Conference Coverage

Genomic signature predicts safety of omitting RT in early breast cancer



A novel 16-gene panel based on the biology of locoregional recurrence in early invasive breast cancer can both identify patients with a low risk of recurrence if they were to skip postsurgery radiation therapy, and predict which patients would be unlikely to benefit from adjuvant radiation, investigators reported.

Among 354 patients with stage I or II invasive estrogen receptor–positive (ER+), HER2-negative breast cancers who did not receive adjuvant systemic therapy, the genomic signature, dubbed POLAR (Profile for the Omission of Local Adjuvant Radiation) was prognostic for locoregional recurrence in patients who did not undergo radiation therapy, reported Martin Sjöström, MD, PhD, of the University of California, San Francisco, and colleagues.

They reported their findings in a poster presented during the American Society of Clinical Oncology (ASCO) annual meeting (Abstract 512).

“This is to our knowledge the first radiation-omission signature that is both prognostic and predictive: prognostic for outcomes in the absence of radiation, and predictive of benefits,” coauthor Corey Speers MD, PhD, of the University of Michigan, Ann Arbor, said in an interview.

The investigators conducted a retrospective analysis of data on patients enrolled in the SweBCG 91 RT trial, in which 1,187 patients with T1-2N0M0 breast cancer underwent a standardized radical sector resection and were then randomly assigned to either postoperative radiotherapy or no further treatment.

As the investigators reported in a long-term follow-up study presented in 2010 at the San Antonio Breast Cancer Symposium, the addition of postoperative radiation did not significantly affect overall survival, but was associated with a significant improvement in recurrence-free survival.

In the study presented at ASCO 2021, Dr. Sjöström and colleagues in Sweden, the United States, and Canada sought to determine whether they could identify a genomic signature that would identify women at very low risk for recurrence who could safely be spared from radiotherapy.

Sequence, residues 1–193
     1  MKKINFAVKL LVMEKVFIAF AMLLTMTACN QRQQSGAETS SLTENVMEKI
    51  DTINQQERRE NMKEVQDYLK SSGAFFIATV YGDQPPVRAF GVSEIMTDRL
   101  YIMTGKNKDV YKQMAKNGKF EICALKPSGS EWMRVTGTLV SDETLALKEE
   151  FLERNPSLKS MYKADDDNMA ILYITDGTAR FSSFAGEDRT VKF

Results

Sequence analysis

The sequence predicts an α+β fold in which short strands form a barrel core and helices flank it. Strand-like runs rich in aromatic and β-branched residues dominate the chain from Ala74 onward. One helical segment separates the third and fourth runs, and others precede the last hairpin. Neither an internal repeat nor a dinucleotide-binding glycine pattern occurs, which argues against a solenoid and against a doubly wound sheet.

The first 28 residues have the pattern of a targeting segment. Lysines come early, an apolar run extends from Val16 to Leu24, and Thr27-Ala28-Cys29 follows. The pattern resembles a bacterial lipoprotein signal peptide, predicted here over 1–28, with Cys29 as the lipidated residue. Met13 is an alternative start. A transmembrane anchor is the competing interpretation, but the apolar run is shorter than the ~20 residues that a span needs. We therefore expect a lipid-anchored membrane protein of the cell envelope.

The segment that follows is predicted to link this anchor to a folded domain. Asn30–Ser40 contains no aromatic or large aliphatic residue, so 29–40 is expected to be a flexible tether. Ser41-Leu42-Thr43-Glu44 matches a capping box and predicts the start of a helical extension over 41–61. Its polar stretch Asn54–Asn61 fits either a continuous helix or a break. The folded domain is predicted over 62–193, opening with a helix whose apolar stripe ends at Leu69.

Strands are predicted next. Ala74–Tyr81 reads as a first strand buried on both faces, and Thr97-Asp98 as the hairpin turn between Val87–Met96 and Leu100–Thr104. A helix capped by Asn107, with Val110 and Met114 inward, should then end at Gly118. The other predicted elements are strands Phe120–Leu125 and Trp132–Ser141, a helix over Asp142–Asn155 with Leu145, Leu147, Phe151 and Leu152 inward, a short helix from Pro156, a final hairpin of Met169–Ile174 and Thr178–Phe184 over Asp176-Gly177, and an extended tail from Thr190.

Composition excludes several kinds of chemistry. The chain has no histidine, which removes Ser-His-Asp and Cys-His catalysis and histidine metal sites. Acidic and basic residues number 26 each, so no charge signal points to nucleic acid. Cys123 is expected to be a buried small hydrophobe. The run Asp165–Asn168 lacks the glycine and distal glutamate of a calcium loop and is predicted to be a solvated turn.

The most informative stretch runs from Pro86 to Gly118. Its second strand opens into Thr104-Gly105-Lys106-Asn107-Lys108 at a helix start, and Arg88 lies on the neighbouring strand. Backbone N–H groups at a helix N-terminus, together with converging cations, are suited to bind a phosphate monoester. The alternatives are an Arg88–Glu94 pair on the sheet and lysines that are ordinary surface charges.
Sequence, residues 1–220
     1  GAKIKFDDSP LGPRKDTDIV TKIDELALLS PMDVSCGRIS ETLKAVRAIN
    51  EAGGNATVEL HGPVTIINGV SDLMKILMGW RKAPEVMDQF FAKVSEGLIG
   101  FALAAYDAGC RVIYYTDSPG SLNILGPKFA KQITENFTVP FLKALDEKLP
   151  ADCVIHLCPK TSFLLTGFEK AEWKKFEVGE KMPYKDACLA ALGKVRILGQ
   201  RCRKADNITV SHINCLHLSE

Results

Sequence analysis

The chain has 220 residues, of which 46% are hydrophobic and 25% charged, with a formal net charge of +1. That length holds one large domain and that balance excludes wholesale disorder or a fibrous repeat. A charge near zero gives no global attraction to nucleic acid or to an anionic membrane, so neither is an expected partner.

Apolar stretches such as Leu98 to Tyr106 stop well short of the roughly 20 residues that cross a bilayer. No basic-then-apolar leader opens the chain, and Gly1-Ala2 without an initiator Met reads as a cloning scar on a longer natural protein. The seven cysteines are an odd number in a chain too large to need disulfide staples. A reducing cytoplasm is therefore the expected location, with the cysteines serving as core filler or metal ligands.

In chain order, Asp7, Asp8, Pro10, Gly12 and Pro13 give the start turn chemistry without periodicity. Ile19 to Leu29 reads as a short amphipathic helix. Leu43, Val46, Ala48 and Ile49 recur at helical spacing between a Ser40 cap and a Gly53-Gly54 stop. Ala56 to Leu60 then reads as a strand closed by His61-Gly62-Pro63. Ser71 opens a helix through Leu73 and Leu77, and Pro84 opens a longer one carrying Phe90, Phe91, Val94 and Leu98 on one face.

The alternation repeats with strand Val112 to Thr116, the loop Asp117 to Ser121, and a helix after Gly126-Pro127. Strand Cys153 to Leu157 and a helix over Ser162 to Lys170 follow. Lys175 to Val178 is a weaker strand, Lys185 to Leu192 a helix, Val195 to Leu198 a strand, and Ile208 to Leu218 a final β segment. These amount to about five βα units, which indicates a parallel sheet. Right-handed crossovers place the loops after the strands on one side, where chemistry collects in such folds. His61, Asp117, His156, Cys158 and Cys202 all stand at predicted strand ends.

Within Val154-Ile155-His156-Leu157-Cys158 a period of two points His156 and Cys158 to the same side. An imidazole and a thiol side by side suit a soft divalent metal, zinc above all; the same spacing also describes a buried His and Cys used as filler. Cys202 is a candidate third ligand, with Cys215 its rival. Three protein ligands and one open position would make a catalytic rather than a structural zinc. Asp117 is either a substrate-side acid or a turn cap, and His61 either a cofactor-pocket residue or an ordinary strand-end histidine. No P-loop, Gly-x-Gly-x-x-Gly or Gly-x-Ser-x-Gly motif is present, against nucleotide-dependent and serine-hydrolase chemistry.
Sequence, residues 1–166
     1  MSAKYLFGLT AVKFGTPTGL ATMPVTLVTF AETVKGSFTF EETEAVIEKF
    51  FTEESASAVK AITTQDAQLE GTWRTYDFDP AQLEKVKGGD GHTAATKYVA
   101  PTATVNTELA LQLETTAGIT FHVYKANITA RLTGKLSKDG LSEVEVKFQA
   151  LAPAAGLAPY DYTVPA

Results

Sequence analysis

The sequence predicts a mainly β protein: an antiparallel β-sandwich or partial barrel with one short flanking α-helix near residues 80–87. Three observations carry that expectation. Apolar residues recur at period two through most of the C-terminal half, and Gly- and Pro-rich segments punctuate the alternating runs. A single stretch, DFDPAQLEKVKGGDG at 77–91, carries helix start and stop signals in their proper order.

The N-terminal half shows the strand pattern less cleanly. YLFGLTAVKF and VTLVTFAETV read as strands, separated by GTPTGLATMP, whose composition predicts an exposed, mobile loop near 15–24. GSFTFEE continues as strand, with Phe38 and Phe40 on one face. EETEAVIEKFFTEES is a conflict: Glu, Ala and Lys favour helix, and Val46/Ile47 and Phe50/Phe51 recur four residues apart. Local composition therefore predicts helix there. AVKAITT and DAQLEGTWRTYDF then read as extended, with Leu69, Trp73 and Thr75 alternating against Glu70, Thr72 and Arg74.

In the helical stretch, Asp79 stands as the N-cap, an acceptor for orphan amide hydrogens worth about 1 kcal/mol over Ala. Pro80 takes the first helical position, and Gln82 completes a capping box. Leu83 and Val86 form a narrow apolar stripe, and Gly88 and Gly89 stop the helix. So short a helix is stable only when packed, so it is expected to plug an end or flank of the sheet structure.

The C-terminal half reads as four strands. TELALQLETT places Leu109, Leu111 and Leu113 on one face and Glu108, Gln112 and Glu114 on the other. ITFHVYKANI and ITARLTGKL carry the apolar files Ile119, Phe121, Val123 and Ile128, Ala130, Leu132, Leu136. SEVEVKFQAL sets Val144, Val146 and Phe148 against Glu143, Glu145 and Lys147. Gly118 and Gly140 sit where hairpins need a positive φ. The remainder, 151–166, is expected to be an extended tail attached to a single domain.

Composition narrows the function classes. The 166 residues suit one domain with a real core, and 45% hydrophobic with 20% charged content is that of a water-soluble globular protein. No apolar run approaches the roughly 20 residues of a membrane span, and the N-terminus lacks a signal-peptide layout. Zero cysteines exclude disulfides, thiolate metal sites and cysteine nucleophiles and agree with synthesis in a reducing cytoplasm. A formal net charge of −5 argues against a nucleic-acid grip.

They focused on those patients in the study with ER+, HER2-negative tumors who did not receive adjuvant systemic therapy. The patients were divided into a training cohort of 243, and a validation cohort of 354 patients.

The investigators performed transcriptome-wide profiling of tumors, and identified both biological gene sets and individuals genes associated with locoregional recurrence among patients in the training set who did not receive radiotherapy.

The final POLAR genomic signature, containing 16 genes, was locked prior to testing in the validation cohort.

In a multivariable Cox model adjusting for age, grade, tumor size and luminal A vs. luminal B subtype, the POLAR gene set was prognostic for locoregional recurrence, with a hazard ratio (HR) of 1.7 (P < .001).

The 10-year locoregional recurrence rate for patients in the POLAR low-risk category who had not received radiation was 7%, and there was no significant benefit for POLAR low-risk patients who did receive radiation (HR 1.1, P = ns).

In contrast, patients classified as POLAR high risk who received radiotherapy had significantly lower risk for locoregional recurrence than high-risk patients who did not receive radiotherapy (HR 0.43, P = .0053).

Dr. Speers said that the POLAR signature appears to be unique in its ability to discriminate radiation-omission risk.

“At least looking in this cohort in the Swedish trial, none of other previously derived signatures – Mammaprint, ProSigna, Oncotype – were prognostic or predictive of locoregional recurrence events with radiation,” he said.

The investigators are currently exploring the POLAR signature in other clinical trials in which patients were randomized to receive radiation or no radiation.


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